What animals live in Canada's boreal forest?


The boreal forest constitutes around 55% of the country’s landmass and in order to maintain the biodiversity and regulate the climate, it is home to a varying range of wild animals, trees, insects, and birds. The focus mainly is on what animals live in Canada’s boreal forest.

Adaptation features of animals in the boreal forest


The boreal forest is just south of the arctic circle and thus experiences extreme summers and winters of up to -90F. These provide the main challenge for the animals living there and as such, they have to have the best features for survival.

  • Most of the animals have thick fur coats which enable them to stay warm and conserve heat during winter.
  • The animals are adapted to eat varying types of foods especially during winter where food is usually scarce..
  • The animals hibernate during by eating as much food as they can which enables them to create fat reserves that will be utilized during winter..
  • The animals in the boreal forest are larger than their normal size found in other forests to help them in better heat conservation..
  • They have very thin legs to enable them to move easily through the snow..
  • Some birds migrate during winter while the ones that remain behind build their nests in marshes and bogs..
  • Some of the rare animal species found in Canada’s Boreal forest include:

    Wood frog


    This type of frog has the rare ability to freeze up to two-thirds of its body during winter. During this period, its glucose levels are very high to keep water inside the cells. This frog is technically dead during winter as it cannot move at all. Once spring comes, it thaws and converts the glucose quickly into glycogen and pees out what is remaining. It can survive up to 7 months when frozen.

    The red fox


    Its overall color is a rusty red which is darker on the back and the tail. The tip of its tail, the inside of its ears and its abdomen are white. Their diet varies greatly as they only eat what is available at the moment ranging from rodents to carcasses.

    The deer family




    It is the largest member of the deer family. The moose has very long stilt-like legs with largely divided hooves. Most of them have dark-brown to black hair and the male moose grow antlers up to 150 cm during winter and loses them during summers.

    They are found near water bodies as they are very good swimmers. They are also characterized by poor eyesight but have a very good sense of hearing and smell.

    Caribou: It is the only member of the deer family where both the male and female have antlers. It is chocolate-brown in color and bit white on the neck. It is considered an endangered species as their numbers are greatly declining.

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    They have very distinctive features such as living in packs and having a clear hierarchy with the alpha-pair being in charge. They communicate using howls to help find lost members of the pack or warn them about any form of danger.

    Examples of wolfs in the boreal forest include the:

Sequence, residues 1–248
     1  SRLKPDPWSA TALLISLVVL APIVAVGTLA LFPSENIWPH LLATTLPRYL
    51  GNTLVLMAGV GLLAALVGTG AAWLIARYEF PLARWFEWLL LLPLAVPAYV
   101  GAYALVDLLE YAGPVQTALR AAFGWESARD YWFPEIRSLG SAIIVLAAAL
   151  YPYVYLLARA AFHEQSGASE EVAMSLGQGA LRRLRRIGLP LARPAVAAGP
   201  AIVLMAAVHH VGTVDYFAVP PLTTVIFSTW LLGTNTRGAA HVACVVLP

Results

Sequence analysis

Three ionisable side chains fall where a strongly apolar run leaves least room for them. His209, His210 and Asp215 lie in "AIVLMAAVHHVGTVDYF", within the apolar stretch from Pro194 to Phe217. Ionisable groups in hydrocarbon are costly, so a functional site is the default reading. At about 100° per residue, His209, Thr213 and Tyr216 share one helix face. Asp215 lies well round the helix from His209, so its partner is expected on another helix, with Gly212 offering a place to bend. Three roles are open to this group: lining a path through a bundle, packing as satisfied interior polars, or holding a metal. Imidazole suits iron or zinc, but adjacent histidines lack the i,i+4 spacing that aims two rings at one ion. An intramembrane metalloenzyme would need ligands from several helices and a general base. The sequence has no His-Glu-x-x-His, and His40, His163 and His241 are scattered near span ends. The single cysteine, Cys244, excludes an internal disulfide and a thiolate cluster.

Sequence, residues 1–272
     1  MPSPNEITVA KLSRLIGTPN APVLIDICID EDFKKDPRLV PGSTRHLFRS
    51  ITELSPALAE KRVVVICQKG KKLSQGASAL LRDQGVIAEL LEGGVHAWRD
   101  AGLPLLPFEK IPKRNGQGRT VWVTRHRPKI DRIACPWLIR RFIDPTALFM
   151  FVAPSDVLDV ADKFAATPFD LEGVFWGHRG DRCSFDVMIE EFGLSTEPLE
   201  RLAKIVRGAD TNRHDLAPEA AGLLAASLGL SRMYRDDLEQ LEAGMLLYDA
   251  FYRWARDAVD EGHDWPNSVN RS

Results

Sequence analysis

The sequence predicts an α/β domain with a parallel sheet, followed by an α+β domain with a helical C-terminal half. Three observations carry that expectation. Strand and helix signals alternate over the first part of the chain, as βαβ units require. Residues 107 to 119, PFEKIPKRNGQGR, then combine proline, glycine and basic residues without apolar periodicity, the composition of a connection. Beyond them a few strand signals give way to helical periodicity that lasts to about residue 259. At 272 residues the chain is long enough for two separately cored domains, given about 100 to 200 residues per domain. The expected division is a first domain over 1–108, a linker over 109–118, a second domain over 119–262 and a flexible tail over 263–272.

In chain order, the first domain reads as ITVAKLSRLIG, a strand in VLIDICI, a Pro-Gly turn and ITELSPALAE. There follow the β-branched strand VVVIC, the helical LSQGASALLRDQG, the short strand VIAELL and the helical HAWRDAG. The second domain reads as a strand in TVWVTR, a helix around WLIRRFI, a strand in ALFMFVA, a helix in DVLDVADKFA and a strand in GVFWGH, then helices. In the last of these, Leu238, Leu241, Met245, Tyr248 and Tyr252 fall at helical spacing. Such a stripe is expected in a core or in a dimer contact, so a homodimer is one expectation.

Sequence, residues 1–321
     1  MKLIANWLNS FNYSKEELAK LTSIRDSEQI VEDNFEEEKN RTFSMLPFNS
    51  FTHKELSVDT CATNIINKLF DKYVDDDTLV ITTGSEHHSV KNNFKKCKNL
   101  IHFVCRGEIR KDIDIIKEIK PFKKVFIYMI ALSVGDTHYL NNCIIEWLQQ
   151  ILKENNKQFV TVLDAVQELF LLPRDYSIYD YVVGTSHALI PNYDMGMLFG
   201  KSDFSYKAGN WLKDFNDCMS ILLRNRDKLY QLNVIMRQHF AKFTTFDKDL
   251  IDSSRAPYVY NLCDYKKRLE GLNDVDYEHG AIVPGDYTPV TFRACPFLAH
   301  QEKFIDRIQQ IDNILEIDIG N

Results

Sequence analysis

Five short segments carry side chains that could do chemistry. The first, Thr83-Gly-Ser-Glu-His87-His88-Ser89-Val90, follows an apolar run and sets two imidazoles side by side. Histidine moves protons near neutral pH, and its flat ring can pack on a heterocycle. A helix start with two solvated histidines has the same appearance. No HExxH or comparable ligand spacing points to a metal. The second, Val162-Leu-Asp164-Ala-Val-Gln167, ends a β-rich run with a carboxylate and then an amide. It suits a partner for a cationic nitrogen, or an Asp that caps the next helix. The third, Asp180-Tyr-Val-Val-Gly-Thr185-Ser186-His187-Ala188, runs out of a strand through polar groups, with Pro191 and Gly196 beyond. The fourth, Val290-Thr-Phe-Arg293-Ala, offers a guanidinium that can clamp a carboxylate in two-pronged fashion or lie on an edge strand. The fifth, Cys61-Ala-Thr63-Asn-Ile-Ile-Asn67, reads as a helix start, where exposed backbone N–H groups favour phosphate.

Grey wolf


    Also known as the timber wolf. Most of them are grey-black in color.

    It mostly hunts after large prey like the deer and the caribou. It has two layers of fur coats to protect it from the cold. The male wolf is taller than the female.



    It has an overall grey-brownish red color. It is smaller than the gray wolf and is never alone. They are opportunistic feeders as they can vary their food from hares and frogs to berries. Their population is very high in the boreal forest.

    The cat family


    Mountain lion (Cougar/Puma)


    It is the most powerful wild cat in Canada. The males are over 60kgs.Their coating is brown gray and the chest and belly areas are white in color.

    Its tail is long with a black tip. It also has black marks on the nozzle and the ears. It mostly feeds on the moose and white-tailed deer but can feed on other smaller animals too such as the hair.



    Its colors range from bluish gray to yellow and brown underparts. Its tail is shot with a black tip. It has pointed ears with long black tufts. Its feet are large with dense hairs.



    It has a varying range of colors included a spotted coat. It has tuft fewer ears and a short bobbed tail with a white underside that is tipped. Its legs and feet are smaller than those of a lynx.

    These two mostly feed on snow shore hairs and other small rodents.

    The black bear


    It is dominantly black in color with a varying range of its coat color. The black bear is an omnivore that feeds on vegetable mostly and a few insects and birds.

    It has learned to associate human beings with food and can eat garbage drops and livestock.



    It has a black facial mask. Its color varies from black to light brown with a ringed tail. The raccoon is omnivorous and so varies its diet. It is also a known carrier of rabies.

    The northern river otter


    They have thick furs to protect them when they swim in cold waters. They have short legs with webbed feet and a streamlined body for faster swimming. It is mostly found on the wooded shoreline of lakes and ponds and it feeds majorly on fish.

    The snowshoe hare


    In winter it has a white color and in summer it has varying degrees of brown. It is very fast and can go up to 45 kilometers per hour. It feeds mainly on vegetables and is a common meal to many predators.

    The porcupine


    It has long strands of brown hair but with many large quills tucked inside. It has small feet that are sharp with round close to enable them to climb trees. It is an herbivore as its diet is mainly leaves and forest herbs. Its largest predator is the fisher because it can avoid the quills by carrying the porcupine on its back.

    The list above serves to show only a few of the diverse species of animals found in the Boreal forest in Canada.